Ideas for (U.S.) Congress for supporting private space efforts

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l...@tour2space.com

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Jan 18, 1999, 3:00:00 AM1/18/99
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I composed the following for indirect submission to
Prospace and their upcoming legislative plans. I hope that
they will give some of the ideas serious consideration. But
I also believe that these ideas may be of general interest
to s.p.p. readers.

POTENTIAL ITEMS FOR LEGISLATIVE ACTION
IN SUPPORT OF PRIVATE SPACE ACTIVITIES DESIGNED
TO PRODUCE LOW-COST ACCESS TO SPACE

1) As long as we are stuck with the income tax, why not use the
tax code to provide some effective incentives for low-cost space
launch? One such incentive would be to allow investors in a space
launch company to deduct directly the R&D expenses incurred
by the space launch company for the development of a new
launch vehicle that promises to reduce the cost of access to
space. Investors could also be permitted to deduct directly any
R&D tax credits that might be available. This provision in
the tax code could help companies of all sizes. However, it
would likely be most useful to new companies that are
currently penalized by the tax code by not having any income
to offset R&D expenses and tax credits.

2) Restructure the IR&D (Independent Research and
Development) program. At the present time, IR&D is available
only to established companies with existing government
contracts, since IR&D expenses are charged as a line item
against contracts for purchasing items that are not necessarily
related to the IR&D. Under the proposed restructuring, part
of the IR&D program would become an INDIVIDUAL Research
and Development program, under which qualified individuals
would receive limited IR&D drawing rights sometime during
their lifetimes. As an initial, experimental pilot project, various
proposed space launch companies with proposed vehicles that
promise to lower the costs of access to space would be able
to designate a limited number of engineers, technicians,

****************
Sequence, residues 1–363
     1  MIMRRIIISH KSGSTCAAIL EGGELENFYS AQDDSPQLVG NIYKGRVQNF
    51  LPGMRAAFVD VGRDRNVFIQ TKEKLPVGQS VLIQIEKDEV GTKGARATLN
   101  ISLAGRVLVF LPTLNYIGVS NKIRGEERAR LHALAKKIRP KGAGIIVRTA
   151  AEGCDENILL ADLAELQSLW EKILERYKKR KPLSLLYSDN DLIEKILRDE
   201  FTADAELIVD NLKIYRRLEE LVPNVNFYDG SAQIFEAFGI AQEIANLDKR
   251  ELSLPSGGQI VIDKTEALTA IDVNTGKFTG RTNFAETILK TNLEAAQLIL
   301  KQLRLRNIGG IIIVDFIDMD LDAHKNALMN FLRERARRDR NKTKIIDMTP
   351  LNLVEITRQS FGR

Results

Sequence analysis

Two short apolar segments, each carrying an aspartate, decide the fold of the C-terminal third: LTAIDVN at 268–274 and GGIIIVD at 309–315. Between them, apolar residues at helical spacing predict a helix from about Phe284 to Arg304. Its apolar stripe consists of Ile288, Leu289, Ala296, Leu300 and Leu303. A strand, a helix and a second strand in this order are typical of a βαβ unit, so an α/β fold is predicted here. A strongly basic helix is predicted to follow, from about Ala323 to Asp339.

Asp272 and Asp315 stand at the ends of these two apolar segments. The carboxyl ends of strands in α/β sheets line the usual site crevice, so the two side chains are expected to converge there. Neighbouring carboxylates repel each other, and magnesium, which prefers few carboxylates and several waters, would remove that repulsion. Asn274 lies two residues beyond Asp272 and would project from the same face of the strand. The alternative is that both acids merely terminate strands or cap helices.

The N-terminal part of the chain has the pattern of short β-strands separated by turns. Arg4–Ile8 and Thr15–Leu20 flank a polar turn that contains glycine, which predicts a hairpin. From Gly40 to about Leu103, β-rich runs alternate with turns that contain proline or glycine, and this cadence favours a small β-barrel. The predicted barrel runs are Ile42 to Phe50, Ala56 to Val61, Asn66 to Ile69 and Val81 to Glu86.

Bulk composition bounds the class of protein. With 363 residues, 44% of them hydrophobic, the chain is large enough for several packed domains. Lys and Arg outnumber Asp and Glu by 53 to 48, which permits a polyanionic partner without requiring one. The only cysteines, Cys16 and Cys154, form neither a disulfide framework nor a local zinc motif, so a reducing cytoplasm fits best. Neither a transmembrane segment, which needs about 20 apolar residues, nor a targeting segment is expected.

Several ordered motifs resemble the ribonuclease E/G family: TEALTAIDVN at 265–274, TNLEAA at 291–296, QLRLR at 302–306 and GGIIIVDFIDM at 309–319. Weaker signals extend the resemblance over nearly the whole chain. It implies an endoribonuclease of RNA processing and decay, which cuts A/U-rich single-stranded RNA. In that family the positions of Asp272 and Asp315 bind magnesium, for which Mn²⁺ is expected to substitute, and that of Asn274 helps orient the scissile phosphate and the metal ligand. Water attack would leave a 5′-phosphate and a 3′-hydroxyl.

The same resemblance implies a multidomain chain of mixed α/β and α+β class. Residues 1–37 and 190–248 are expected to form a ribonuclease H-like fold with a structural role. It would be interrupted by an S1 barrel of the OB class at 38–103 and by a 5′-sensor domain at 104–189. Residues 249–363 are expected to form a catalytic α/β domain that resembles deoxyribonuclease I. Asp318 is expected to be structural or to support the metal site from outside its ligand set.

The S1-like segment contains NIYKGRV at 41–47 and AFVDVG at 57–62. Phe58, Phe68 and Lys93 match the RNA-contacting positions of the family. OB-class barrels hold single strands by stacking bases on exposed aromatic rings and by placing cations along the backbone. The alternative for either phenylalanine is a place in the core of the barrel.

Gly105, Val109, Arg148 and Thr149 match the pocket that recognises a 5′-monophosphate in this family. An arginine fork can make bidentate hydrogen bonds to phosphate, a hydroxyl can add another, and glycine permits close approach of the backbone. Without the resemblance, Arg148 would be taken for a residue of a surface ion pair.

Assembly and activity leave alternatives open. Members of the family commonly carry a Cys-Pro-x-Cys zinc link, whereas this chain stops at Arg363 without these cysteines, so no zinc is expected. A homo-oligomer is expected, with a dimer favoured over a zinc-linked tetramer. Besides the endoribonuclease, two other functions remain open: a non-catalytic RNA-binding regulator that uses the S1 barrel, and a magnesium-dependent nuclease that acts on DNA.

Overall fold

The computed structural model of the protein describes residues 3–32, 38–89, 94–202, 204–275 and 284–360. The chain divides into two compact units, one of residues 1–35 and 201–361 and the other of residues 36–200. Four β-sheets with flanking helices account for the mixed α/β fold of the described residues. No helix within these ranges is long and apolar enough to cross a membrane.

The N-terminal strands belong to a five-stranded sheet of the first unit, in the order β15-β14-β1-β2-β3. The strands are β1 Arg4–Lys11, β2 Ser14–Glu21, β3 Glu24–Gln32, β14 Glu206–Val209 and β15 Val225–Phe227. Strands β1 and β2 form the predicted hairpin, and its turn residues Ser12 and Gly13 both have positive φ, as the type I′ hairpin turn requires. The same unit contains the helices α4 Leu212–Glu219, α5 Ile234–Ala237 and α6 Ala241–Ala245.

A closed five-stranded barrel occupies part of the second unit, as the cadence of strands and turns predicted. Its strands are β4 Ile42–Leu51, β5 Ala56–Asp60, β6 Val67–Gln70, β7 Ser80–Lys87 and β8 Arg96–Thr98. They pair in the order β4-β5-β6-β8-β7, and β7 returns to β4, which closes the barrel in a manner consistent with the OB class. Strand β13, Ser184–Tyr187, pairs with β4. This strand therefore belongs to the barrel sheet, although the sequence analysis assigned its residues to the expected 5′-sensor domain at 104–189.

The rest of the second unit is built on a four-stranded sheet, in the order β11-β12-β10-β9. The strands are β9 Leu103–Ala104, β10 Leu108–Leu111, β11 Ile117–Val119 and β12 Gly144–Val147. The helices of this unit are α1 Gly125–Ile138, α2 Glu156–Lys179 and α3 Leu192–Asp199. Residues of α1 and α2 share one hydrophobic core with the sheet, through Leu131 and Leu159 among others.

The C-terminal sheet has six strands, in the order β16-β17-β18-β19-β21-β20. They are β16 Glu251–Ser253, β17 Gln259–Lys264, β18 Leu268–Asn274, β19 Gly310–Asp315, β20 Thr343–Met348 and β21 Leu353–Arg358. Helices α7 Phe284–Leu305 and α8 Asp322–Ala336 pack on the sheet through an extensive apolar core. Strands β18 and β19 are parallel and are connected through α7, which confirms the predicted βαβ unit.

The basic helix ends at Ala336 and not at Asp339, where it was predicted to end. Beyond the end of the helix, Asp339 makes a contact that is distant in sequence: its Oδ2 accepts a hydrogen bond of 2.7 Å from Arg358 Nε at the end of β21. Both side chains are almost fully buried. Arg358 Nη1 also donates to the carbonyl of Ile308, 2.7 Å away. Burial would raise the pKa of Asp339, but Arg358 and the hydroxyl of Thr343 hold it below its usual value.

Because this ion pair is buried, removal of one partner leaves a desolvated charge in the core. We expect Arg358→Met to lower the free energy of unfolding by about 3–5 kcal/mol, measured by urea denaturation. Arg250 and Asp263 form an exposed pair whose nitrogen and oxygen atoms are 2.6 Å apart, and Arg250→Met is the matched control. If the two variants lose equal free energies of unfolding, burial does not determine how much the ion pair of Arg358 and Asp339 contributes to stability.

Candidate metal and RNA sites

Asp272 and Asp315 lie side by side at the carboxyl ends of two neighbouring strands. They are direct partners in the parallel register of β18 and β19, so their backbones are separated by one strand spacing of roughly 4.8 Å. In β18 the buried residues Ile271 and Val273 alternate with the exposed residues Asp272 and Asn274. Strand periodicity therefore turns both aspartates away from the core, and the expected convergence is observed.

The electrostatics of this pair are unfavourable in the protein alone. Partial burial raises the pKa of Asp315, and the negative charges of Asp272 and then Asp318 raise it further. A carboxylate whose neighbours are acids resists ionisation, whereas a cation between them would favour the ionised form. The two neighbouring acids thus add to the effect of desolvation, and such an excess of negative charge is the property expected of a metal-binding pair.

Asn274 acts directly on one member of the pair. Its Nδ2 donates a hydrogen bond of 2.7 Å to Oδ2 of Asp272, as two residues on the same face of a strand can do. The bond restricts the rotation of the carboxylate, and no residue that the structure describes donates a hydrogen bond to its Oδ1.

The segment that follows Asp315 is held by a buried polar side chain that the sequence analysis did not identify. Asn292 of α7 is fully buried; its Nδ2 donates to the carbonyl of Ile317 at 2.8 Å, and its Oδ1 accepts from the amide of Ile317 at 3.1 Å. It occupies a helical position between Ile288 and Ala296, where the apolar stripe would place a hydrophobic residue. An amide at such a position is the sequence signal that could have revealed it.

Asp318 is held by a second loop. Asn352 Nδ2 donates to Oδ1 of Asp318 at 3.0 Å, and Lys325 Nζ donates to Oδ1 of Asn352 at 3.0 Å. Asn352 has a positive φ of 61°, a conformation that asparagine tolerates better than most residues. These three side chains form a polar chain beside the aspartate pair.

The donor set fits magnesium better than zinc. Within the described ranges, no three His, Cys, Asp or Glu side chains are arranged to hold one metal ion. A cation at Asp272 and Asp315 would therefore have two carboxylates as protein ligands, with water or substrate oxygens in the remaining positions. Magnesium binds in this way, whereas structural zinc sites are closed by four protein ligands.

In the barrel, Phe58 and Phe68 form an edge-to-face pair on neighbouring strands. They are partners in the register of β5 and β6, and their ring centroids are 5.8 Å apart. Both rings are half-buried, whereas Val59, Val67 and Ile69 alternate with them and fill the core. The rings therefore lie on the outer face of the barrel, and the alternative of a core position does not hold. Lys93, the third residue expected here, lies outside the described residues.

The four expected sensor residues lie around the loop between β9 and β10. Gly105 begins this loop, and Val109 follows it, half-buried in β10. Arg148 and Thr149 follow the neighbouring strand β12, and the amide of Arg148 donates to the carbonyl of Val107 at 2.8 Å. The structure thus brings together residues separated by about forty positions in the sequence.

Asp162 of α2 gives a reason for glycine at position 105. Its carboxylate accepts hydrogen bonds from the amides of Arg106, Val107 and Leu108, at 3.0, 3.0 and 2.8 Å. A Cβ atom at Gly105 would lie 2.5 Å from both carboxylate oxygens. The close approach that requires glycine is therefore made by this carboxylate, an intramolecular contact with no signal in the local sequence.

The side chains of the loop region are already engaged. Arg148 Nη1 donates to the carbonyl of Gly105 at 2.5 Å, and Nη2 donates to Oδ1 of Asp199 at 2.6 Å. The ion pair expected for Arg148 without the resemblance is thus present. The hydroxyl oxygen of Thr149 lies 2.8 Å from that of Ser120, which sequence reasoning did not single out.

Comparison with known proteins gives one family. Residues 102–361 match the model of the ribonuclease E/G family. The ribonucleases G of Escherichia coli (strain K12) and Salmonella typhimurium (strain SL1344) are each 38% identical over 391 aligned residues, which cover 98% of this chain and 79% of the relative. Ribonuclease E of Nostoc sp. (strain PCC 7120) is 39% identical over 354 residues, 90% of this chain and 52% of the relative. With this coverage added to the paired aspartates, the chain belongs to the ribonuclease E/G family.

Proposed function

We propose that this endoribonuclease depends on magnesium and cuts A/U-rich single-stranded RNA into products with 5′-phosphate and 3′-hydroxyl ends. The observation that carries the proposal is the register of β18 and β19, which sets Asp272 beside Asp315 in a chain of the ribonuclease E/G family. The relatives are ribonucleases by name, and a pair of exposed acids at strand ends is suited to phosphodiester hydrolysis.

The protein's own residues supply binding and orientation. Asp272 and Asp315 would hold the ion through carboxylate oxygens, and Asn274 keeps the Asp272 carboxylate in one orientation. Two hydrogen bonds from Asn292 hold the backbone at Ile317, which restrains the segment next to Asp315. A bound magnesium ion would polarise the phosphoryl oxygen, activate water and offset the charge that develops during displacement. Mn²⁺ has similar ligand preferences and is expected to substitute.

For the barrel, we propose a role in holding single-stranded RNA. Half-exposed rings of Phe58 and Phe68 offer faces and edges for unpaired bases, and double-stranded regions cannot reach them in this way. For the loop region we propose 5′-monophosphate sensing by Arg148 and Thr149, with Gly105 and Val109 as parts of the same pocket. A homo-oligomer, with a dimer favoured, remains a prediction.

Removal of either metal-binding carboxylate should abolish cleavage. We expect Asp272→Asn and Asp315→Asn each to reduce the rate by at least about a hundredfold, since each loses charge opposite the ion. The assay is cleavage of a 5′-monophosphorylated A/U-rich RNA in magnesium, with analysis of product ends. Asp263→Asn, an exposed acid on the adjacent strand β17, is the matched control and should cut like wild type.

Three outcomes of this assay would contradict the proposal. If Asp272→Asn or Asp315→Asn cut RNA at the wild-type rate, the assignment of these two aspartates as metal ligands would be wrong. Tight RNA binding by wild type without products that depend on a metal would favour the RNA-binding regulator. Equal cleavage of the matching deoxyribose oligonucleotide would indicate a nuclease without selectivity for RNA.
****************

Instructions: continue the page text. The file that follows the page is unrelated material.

manufacturing personnel, and other individuals that could
further the viability of the proposed launch vehicle. Since
the designated individuals would be expending their limited
IR&D rights, the designated individuals would likely provide
a meaningful peer review from the bottom up. Successful
commercial programs would reimburse the IR&D program,
thus providing a means for reinstating individual IR&D
drawing rights. Non-commercial projects might be
"reimbursed" either by a transfer of funds or by award
of limited (scarce) certificates of achievement by various
government agencies that would judge the results -- not
promises -- of a particular project. If the pilot project is
successful, then the concept might be extended to other,
or all, R&D projects.

3) Provide launch vouchers to university and other
appropriate investigators. These launch vouchers would
be for a stated dollar amount of launch services. The
individual university investigators would be free to make
their own risk versus cost tradeoffs.

4) Provide for three categories of government payloads:
a) payloads that are so essential that they must be launched
on proven launch vehicles; b) payloads, some of which
might be launched either on a proven launch vehicle, or
on a promising new launch vehicle; and c) a new category
of "opportunity payloads," that are not essential, but that
might quite beneficially take advantage of the very low-cost
access to space that might become available with a newer,
but high-risk launch system. Firm commitments for the
second and/or third class of payloads could be quite useful
for raising private capital -- even though no government
funds would be actually transferred unless the new launch
vehicle has successfully completed an appropriate test
program, has become operational, and still promises to
deliver the performance for the price that was the basis
for the original commitment.

5) Encourage unsolicited R&D proposals by providing
set-aside appropriations for unsolicited proposals. The